When it was determined that we were to sail to Italy, Paul and some other prisoners were placed in the custody of a centurion named Julius of the Imperial Company.a2
We boarded a ship from Adramyttium that was about to sail for ports along the coast of the province of Asia. So we put out to sea. Aristarchus, a Macedonian from Thessalonica, came with us.
The next day we landed in Sidon. Julius treated Paul kindly and permitted him to go to some friends so they could take care of him.
From there we sailed off. We passed Cyprus, using the island to shelter us from the headwinds.
We sailed across the open sea off the coast of Cilicia and Pamphylia, and landed in Myra in Lycia.
There the centurion found an Alexandrian ship headed for Italy and put us on board.
After many days of slow and difficult sailing, we arrived off the coast of Cnidus. The wind wouldn't allow us to go farther, so we sailed under the shelter of Crete off Salmone.
We sailed along the coast only with difficulty until we came to a place called Good Harbors,b near the city of Lasea.
Much time had been lost, and the voyage was now dangerous since the Day of Reconciliation had already passed. Paul warned them,
"Men, I see that our voyage will suffer damage and great loss, not only for the cargo and ship but also for our lives."
But the centurion was persuaded more by the ship's pilot and captain than by Paul's advice.
Since the harbor was unsuitable for spending the winter, the majority supported a plan to put out to sea from there. They thought they might reach Phoenix in Crete and spend the winter in its harbor, which faced southwest and northwest.
When a gentle south wind began to blow, they thought they could carry out their plan. They pulled up anchor and sailed closely along the coast of Crete.
Before long, a hurricane-strength wind known as a northeaster swept down from Crete.
The ship was caught in the storm and couldn't be turned into the wind. So we gave in to it, and it carried us along.
After sailing under the shelter of an island called Cauda, we were able to control the lifeboat only with difficulty.
They brought the lifeboat aboard, then began to wrap the ship with cables to hold it together. Fearing they might run aground on the sandbars of the Gulf of Syrtis, they lowered the anchor and let the ship be carried along.
We were so battered by the violent storm that the next day the men began throwing cargo overboard.
On the third day, they picked up the ship's gear and hurled it into the sea.
When neither the sun nor the moon appeared for many days and the raging storm continued to pound us, all hope of our being saved from this peril faded.
For a long time no one had eaten. Paul stood up among them and said, "Men, you should have complied with my instructions not to sail from Crete. Then we would have avoided this damage and loss.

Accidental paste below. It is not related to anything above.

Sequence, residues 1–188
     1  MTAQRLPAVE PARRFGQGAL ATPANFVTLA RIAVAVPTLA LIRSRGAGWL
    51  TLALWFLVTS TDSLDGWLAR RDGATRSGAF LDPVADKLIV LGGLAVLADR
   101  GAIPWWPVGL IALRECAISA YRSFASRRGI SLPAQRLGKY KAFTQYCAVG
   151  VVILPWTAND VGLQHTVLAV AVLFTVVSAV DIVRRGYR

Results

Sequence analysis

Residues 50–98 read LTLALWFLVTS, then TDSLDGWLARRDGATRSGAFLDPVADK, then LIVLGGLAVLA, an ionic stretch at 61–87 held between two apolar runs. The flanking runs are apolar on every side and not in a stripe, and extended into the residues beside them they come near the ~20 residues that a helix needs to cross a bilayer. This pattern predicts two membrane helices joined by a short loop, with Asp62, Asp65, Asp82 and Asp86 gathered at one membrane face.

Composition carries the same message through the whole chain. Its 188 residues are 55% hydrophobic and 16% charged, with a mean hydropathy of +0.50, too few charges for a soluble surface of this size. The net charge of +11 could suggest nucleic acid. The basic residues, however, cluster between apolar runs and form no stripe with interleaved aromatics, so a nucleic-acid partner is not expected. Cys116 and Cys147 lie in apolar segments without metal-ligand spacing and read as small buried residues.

Now I urge you to be encouraged. Not one of your lives will be lost, though we will lose the ship.
Last night an angel from the God to whom I belong and whom I worship stood beside me.
The angel said, ‘Don't be afraid, Paul! You must stand before Caesar! Indeed, God has also graciously given you everyone sailing with you.'
Be encouraged, men! I have faith in God that it will be exactly as he told me.
However, we must run aground on some island."
On the fourteenth night, we were being carried across the Adriatic Sea. Around midnight the sailors began to suspect that land was near.
They dropped a weighted line to take soundings and found the water to be about one hundred twenty feet deep. After proceeding a little farther, we took soundings again and found the water to be about ninety feet deep.
Afraid that we might run aground somewhere on the rocks, they hurled out four anchors from the stern and began to pray for daylight.
The sailors tried to abandon the ship by lowering the lifeboat into the sea, pretending they were going to lower anchors from the bow.
Paul said to the centurion and his soldiers, "Unless they stay in the ship, you can't be saved from peril."
The soldiers then cut the ropes to the lifeboat and let it drift away.
Just before daybreak, Paul urged everyone to eat. He said, "This is the fourteenth day you've lived in suspense, and you've not had even a bite to eat.
I urge you to take some food. Your health depends on it. None of you will lose a single hair from his head."
After he said these things, he took bread, gave thanks to God in front of them all, then broke it and began to eat.
Everyone was encouraged and took some food. (
In all, there were two hundred seventy-six of us on the ship.)
When they had eaten as much as they wanted, they lightened the ship by throwing the grain into the sea.
In the morning light they saw a bay with a sandy beach. They didn't know what land it was, but they thought they might possibly be able to run the ship aground.
They cut the anchors loose and left them in the sea. At the same time, they untied the ropes that ran back to the rudders. They raised the foresail to catch the wind and made for the beach.
But they struck a sandbar and the ship ran aground. The bow was stuck and wouldn't move, and the stern was broken into pieces by the force of the waves.
The soldiers decided to kill the prisoners to keep them from swimming to shore and escaping.
However, the centurion wanted to save Paul, so he stopped them from carrying out their plan. He ordered those who could swim to jump overboard first and head for land.
He ordered the rest to grab hold of planks or debris from the ship. In this way, everyone reached land safely.